President Joe Biden tapped Markell in September to be the temporary point person overseeing the administration’s Afghan evacuee resettlement effort in the US. While Markell’s position as lead on Afghan resettlement was always designed to be short term, his upcoming departure comes as refugee resettlement agencies still race to find housing and urge the administration to tap another person to fill his role.
“The US refugee program needs a senior White House coordinator with authority,” Hetfield said.
Krish O’Mara Vignarajah, president and CEO of Lutheran Immigration and Refugee Service, echoed Hetfield, saying Markell has “been a coordinator, troubleshooter, point guard — all bundled into one position that has a high-level stature and authority of a close ally and friend of the President.”
Some administration officials privately hoped Markell would have been able to stay in the role longer, but they say that there is a well-equipped team at the White House to continue working on resettlement support.
In an interview with CNN, Markell recognized the work ahead for the Biden administration and refugee advocates.
“These resettlement agencies are simultaneously rebuilding capacity from having lost so much capacity over the last four years and at the same time, they’re handling the biggest resettlement effort in any of their lifetimes,” he said.
In his role, Markell traveled around the country, engaging with state and local officials. Among the steepest challenges he and the administration faced was the housing crunch across the United States.
“Everybody understood, as did I, the fact that while these folks were here at a very good time for the job market, the housing market is very tight and very expensive, particularly in some communities across the country,” Markell told CNN.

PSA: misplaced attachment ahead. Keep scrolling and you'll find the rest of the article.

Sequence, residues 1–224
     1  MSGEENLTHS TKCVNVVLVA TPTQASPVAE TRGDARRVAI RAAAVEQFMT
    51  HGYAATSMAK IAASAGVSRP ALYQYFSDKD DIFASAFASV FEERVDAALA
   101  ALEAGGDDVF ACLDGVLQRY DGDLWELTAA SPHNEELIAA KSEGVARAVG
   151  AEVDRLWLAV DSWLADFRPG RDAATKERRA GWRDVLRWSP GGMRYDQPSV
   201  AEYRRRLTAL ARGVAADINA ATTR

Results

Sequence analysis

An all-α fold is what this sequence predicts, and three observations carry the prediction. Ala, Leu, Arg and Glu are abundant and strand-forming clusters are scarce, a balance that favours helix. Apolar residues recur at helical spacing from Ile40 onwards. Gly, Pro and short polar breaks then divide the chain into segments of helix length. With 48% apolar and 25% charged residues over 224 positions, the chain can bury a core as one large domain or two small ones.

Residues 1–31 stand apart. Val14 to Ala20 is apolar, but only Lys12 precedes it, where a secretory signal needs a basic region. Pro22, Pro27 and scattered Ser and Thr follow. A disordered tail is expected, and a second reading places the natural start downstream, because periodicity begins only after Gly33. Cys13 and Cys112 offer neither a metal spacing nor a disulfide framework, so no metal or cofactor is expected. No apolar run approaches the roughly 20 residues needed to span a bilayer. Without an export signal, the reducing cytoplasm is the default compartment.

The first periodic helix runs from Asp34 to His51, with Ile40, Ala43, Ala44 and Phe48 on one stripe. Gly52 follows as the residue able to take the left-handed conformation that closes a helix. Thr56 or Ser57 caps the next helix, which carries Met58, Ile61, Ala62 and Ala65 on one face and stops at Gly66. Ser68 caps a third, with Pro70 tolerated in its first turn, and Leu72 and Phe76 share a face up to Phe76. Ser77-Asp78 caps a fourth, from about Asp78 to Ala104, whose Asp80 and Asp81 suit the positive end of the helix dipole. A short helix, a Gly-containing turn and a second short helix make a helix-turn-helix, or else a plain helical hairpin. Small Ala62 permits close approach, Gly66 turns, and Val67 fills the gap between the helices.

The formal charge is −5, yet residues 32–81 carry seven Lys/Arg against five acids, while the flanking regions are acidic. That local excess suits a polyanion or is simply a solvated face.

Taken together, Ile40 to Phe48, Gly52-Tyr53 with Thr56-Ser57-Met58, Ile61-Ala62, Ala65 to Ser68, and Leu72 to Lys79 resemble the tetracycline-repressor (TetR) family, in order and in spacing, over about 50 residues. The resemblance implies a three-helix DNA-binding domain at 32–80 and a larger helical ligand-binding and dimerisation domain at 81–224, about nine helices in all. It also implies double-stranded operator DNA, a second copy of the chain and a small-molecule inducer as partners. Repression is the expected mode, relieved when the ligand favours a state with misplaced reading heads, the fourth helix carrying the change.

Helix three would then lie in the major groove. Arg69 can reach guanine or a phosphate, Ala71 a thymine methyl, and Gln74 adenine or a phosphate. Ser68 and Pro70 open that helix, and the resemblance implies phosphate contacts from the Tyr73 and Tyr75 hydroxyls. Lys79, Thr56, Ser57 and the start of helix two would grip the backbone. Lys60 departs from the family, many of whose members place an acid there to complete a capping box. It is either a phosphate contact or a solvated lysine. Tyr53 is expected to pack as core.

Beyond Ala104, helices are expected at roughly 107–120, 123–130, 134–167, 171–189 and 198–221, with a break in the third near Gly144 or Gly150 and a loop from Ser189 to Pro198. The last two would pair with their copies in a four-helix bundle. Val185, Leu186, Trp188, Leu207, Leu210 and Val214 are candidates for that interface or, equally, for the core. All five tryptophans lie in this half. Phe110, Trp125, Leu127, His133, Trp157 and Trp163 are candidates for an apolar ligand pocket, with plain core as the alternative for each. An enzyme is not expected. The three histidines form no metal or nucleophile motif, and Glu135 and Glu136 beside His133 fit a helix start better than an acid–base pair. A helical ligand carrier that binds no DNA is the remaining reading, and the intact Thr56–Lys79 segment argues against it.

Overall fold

“The success here is largely dependent on the local community organizations tapping into their networks of landlords and landlords opening up their places to these evacuees,” he added.
To increase options to evacuees, the Biden administration launched a program this fall that allows veterans with ties to Afghans, as well as others, the opportunity to bring them to their cities and serve as a support network as they get their lives started in the US.
At least sixty circles are approved or in the final stages of approval nationwide to support Afghan families, with more expected in the coming weeks, according to Danielle Grigsby, co-founder and director of external affairs at Community Sponsorship Hub. The hub is largely responsible for the process.
The administration has not said whether it will replace Markell, saying only that those who worked closely with him, like Special Advisor for Afghan Resettlement Curtis Ried and other senior administration officials, will continue to carry forward the effort. The administration is also expected to lean on sponsorship initiatives, like the sponsor circles, to build up capacity.
Secretary of State Tony Blinken visited the staff from resettlement agencies and Afghans who recently arrived in Virginia last week.
“To those who’ve made the journey who are side by side with our diplomats, our men and women in uniform in Afghanistan over the last 20 years, we’re so grateful that you’re here and we want to do everything we can to welcome you warmly to our country,” Blinken said.